Teachers Network
Translate Translate English to Chinese Translate English to French
  Translate English to German Translate English to Italian Translate English to Japan
  Translate English to Korean Russian Translate English to Spanish
Lesson Plan Search
Our Lesson Plans
TeachNet Curriculum Units
Classroom Specials
Popular Teacher Designed Activities
TeachNet NYC Directory of Lesson Plans TeachNet NYC Dirctory of Lesson Plans

Teachers Network Leadership Institute
How-To Articles
Videos About Teaching
Effective Teachers Website
Lesson Plans
TeachNet Curriculum Units
Classroom Specials
Teacher Research
For NYC Teachers
For New Teachers

TeachNet Grant:
Lesson Plans
TeachNet Grant Winners
TeachNet Grant Winners
Adaptor Grant Winners
TeachNet Grant Winners
Adaptor Grant Winners
TeachNet Grant Winners
Adaptor Grant Winners
Other Grant Winners
Math and Science Learning
Impact II
Grant Resources
Grant How-To's
Free Resources for Teachers
Our Mission
   Press Releases
   Silver Reel
   2002 Educational Publishers Award


Lesson Plans Created by TeachNet Adaptor Grants
Opening Our Own Post Office
Name: Judy (Ka Fai) Chan
School: P.S. 124 Yung Wing School
Address: 40 Division Street
City: New York, NY, 10002
Original Project: Opening Our Own Post Office
Author: Barbara Cornell Chavez and Kimberly Lloyd
URL: http://teachersnetwork.org/IMSL/ps1/postoffice/profile.htm

How did you modify this unit for use in your own classroom?: Instead of opening up a school-wide post office, our classroom studied the components of a supermarket so we could open up our own supermarket. We studied the various workers, their responsibilities, and all the features of a supermarket.

List your primary instructional objectives for your students.

  The students will become familiar with the different jobs in a supermarket and learn the responsibilities of the various workers.
  There are the different employees that keep the supermarket operating properly, and every person must support each other in order for it to operate.
  The students will be able to identify different denominations of money (coins and bills.)
  The students will interact socially within the community, providing services and goods for others.

What role did technology play in this curriculum unit?: Microsoft Word was used to create a student worksheet. The worksheet was given as a homework after our field trip to the supermarket.

How did you assess and evaluate student performance?: The assessment will come mainly from the share. The teacher should gauge the students’ ability to read the chart through the discussion on the collected data. The teacher should note whether or not the students can make meaningful connections between the collected data and what they are communicating. Are the connections clear and concise? Are the children able to answer the questions? Are the children able to formulate more questions that are not answered through the chart? These are all means by which the teacher can assess the students’ ability to collect and analyze data. In addition, the students’ assessment will take place both formally and informally, through observations and actual work produced. The evaluation of the students’ understanding will be based on: • Letters written to supermarket employees • Lists written for recipes • Completion of graphic organizers (KWL chart, Venn diagrams, graphs) • Social interactions with supermarket employees • Identification and manipulation of money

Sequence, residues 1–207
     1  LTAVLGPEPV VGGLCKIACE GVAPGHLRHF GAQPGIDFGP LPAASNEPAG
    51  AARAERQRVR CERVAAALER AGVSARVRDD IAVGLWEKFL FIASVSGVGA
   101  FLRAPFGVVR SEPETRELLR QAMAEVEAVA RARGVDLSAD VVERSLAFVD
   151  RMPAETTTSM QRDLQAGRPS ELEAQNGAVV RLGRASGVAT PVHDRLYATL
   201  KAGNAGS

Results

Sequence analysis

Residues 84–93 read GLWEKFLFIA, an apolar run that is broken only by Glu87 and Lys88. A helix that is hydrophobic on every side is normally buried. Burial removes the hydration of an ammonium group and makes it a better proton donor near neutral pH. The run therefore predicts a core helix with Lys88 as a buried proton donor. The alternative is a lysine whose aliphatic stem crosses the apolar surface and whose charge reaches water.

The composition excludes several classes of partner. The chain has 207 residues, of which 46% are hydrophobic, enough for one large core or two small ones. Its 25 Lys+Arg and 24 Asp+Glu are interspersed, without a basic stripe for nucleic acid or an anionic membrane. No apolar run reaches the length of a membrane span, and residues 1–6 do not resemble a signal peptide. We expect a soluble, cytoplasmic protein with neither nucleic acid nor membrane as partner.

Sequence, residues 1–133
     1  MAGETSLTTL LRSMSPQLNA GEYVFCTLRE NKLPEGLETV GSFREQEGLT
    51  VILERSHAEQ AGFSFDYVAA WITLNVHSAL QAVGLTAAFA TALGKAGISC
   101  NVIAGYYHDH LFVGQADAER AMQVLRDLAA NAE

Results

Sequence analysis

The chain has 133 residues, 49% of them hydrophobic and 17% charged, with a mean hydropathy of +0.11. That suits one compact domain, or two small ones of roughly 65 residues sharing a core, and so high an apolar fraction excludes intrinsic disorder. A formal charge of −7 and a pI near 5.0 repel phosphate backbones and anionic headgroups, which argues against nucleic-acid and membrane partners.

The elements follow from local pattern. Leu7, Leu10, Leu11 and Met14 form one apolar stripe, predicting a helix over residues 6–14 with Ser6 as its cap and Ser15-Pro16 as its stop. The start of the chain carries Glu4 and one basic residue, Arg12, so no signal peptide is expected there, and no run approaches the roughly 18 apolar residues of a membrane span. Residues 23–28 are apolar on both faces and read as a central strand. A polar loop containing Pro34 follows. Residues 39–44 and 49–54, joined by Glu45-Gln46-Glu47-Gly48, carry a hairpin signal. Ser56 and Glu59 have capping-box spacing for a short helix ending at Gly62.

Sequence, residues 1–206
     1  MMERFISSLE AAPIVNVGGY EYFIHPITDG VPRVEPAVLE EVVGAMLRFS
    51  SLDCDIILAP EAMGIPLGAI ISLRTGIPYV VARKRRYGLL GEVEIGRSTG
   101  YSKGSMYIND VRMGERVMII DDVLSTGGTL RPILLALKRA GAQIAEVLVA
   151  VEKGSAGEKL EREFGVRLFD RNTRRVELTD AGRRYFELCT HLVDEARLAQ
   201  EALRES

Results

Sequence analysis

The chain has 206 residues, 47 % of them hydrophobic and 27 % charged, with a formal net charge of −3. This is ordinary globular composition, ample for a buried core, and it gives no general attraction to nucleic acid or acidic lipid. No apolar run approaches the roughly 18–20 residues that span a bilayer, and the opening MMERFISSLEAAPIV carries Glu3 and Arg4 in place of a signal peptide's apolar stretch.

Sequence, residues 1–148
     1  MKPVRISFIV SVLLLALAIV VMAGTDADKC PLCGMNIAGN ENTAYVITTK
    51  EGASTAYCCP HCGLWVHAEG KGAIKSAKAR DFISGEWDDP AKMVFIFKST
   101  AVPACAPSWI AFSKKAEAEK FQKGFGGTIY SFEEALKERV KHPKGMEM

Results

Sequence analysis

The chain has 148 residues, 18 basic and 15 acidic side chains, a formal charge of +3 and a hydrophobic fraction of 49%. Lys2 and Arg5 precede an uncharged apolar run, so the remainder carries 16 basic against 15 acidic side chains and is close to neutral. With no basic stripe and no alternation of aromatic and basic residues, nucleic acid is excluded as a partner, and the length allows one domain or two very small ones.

Please tell us briefly about your background & teaching experience: This is Ms. Chan's third year teaching first grade at P.S. 124. She graduated from NYU with a bachelor's degree in early childhood and special education. Currently, she is pursuing a master's degree in literacy education at Hunter College.

What are your recommendations for other teachers interested in adapting this unit?: My recommendatioin is to focus on something very specific during the trip. The focus can be on purchasing items, interviewing workers, noticing signs, or just to take a tour. Breaking up the trips and having different goals for every visit will help children stay focused and remain interested throughout the study.

Samples of Student Projects

  The students will be comparing the different types of workers in the supermarket. The teacher will begin this activity by asking the children, “Who works in a supermarket?” These workers (such as cashier, produce person, and stocker) will go on the side of the chart. On the top of the chart will be the different categories, such as “Where they work “ and “What do they do?” The teacher can help the students write down what they already know about these workers. In the following days, the teacher reads selected texts on supermarket workers and the students can add learned information. After visiting the local supermarket, the children can also add new information to this chart.
  Students made a list entitled,
  Students learned about the parts of a supermarket as they took a tour by a tour guide. They were able to interview various workers and learned the responsibilities of each worker. Touring the supermarket also allowed the children to see how a supermarket is set up in different sections. This will help them set up their own supermarket in the classroom.


Come across an outdated link?
Please visit The Wayback Machine to find what you are looking for.


Journey Back to the Great Before